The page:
Hey Louis C.K., Open Your Web Platform For Aspiring Comics

Recently the world of digital entertainment was rocked by a disrupter known for taking the stage wearing almost exclusively black shirts and jeans. It’s not who you think it is.


Recently the world of digital entertainment was rocked by a disrupter known for taking the stage wearing almost exclusively black shirts and jeans. This guy is obsessed with details about how his product should look, sound, and feel to consumers, no matter how or where they consume it. He micromanages pricing and insists on making sure every aspect of how people buy his stuff is as frictionless a process as possible. Really, what makes him so good is that he thinks like a consumer, like a user. You might say he thinks different.

He’s Louis C.K.

The edgy comedian recently decided to self-produce and -distribute his latest standup special via the web. By building his own online distribution platform and selling the video of his routine for $5 himself, he forwent taking the traditional route of partnering with a major studio. The question now isn’t whether the comic has found an innovative new business model for the industry–but whether he might open up his web platform to other aspiring comedians, who could take advantage of the service to create a new source of revenue and promotion.

For C.K., the risk has certainly paid off: His performance at Manhattan’s Beacon Theater was a blockbuster, with 50,000 people purchasing access to the video online just hours after it went on sale. Within days, C.K. had sold more than 110,000 copies of the performance, enough to pay off all production costs and earn him a cool $200,000 in profit. 

But there’s business beyond the one C.K. has made for himself. “The development of the website, which needed to be a very robust, reliable and carefully constructed website, was around $32,000,” C.K. wrote on his website, playing the part of lean startup entrepreneur. “We worked for a number of weeks poring over the site to make sure every detail would give buyers a simple, optimal and humane experience for buying the video.” 

In other words, he’s created a new product for video distribution, without the need for middlemen-services such as YouTube or Pivotshare. It’s an incredibly simple platform, but one that’s been streamlined and heavily publicized by the Louis C.K. brand. “What if I make another special like this one and put it up for $5 again, and it goes gangbusters? It makes, say, $8 million–I don’t know that that is even possible,” C.K. told Reddit. “I’m trying to find out what the potential is with this one.”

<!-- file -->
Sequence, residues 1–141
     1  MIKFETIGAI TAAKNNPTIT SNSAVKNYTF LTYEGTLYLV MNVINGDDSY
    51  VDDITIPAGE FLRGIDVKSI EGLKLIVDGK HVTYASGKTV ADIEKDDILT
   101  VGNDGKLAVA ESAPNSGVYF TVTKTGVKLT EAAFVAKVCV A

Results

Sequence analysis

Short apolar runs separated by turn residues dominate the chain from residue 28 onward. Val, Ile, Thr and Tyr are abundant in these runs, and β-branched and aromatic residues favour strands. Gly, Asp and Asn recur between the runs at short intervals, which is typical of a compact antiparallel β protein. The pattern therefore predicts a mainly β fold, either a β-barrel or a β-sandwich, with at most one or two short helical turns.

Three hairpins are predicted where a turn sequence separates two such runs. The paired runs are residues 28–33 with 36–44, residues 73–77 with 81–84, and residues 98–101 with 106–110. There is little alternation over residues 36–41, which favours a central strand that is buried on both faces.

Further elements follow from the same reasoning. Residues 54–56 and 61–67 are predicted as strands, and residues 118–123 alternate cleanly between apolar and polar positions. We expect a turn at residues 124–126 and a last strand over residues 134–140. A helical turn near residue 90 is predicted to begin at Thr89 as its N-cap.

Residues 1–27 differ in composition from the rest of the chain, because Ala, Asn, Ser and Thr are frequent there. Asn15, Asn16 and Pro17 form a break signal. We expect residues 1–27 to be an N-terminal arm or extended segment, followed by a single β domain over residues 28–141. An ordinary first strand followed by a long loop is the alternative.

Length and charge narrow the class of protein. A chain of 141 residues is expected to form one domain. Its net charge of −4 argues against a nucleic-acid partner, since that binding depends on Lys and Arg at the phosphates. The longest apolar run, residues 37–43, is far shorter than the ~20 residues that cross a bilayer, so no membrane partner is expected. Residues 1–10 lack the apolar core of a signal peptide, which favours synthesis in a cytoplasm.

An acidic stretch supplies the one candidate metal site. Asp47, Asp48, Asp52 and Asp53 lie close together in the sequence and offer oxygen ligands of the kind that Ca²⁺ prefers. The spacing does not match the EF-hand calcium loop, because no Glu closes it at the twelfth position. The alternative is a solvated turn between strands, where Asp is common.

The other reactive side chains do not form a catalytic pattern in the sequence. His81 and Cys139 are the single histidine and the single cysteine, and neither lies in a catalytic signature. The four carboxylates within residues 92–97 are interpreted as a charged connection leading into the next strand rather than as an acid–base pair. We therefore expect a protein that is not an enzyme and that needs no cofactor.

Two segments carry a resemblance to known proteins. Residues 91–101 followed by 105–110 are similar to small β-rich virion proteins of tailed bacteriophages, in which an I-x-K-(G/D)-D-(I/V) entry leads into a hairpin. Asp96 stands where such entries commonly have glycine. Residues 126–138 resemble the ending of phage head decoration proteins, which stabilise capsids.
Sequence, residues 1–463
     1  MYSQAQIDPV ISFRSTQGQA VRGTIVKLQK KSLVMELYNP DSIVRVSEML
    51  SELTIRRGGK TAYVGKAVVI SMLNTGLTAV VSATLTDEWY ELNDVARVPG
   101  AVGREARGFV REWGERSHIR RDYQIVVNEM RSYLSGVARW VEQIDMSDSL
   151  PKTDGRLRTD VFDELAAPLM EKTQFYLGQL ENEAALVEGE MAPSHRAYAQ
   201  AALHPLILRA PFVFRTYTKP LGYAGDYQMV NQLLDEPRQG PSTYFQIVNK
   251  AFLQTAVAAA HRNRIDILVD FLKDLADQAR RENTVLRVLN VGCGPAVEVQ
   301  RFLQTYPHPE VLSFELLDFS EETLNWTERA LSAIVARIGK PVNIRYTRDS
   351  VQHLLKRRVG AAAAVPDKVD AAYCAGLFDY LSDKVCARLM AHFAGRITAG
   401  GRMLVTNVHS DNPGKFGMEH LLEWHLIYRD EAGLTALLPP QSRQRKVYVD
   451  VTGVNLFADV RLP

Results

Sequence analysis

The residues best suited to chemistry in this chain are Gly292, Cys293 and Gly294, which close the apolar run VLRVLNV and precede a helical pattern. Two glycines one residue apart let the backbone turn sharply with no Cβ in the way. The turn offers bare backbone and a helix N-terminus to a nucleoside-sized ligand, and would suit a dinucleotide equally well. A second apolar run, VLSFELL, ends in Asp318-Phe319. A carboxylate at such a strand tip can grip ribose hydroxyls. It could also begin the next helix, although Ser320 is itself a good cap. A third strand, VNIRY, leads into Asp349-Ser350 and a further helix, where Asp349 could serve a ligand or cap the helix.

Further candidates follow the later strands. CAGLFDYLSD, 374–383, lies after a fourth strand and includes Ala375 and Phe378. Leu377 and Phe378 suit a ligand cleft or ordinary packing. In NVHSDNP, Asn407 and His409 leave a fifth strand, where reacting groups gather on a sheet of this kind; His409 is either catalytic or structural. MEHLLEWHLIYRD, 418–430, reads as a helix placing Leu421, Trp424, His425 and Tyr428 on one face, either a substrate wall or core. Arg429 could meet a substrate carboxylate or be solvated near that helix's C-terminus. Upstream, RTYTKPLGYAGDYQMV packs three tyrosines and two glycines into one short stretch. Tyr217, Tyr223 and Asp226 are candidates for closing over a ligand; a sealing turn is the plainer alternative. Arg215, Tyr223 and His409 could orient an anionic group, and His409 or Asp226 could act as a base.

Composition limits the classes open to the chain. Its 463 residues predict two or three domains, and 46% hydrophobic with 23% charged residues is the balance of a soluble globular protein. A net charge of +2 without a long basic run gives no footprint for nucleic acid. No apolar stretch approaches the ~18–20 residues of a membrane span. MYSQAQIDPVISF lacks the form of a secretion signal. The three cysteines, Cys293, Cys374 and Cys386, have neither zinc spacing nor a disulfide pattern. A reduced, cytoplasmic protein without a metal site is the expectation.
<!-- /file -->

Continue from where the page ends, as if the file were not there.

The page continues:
His product had a successful launch, now how does he grow it into a business?

First, and most altruistically, C.K. could make the platform entirely open source, letting the $32,000 product he’s built help other comedians who are struggling to make ends meet on the standup circuit. Otherwise, he could sell the platform as a kit to his fellow comedians, or possibly license the source code in exchange for a cut of the revenues.  

At this point, it’s unlikely C.K. will follow any of these routes–he counts his new business venture as research. “I’m learning right this minute a huge amount with this web experiment,” he told fans during his “Ask Me Anything” visit to Reddit. “This live at the Beacon thing is like that thing in the movie Twister where they send a bunch of little data collecting balls up into a tornado and just download the lovely results. The whole thing has been like that, from the moment it went online and I saw the results of every decision I made. The last question the web guys asked me before we posted was if I wanted the mail list button defaulted to ‘opt in’ or ‘opt out.’ And I said start it at ‘opt out.’ It’s such a tiny thing but I keep hearing about it from people. So so interesting to watch this grow.”

According to C.K., early results show the money he’s pulled in so far is less than what he would’ve made from traditional studio distribution. But he believes the good will it’s generated among his fans, who will get access to DRM-free content for the low cost of $5 (rather than, say, the $15 or $20 it might cost for a DVD), is worth any losses he’s taking. And if he ever decides to open up his platform–or sell it as a packaged kit–it could end up being yet another way the comic is changing the industry for the better.

[Image: Flickr user zokuga]

About the author

Austin Carr writes about design and technology for Fast Company magazine.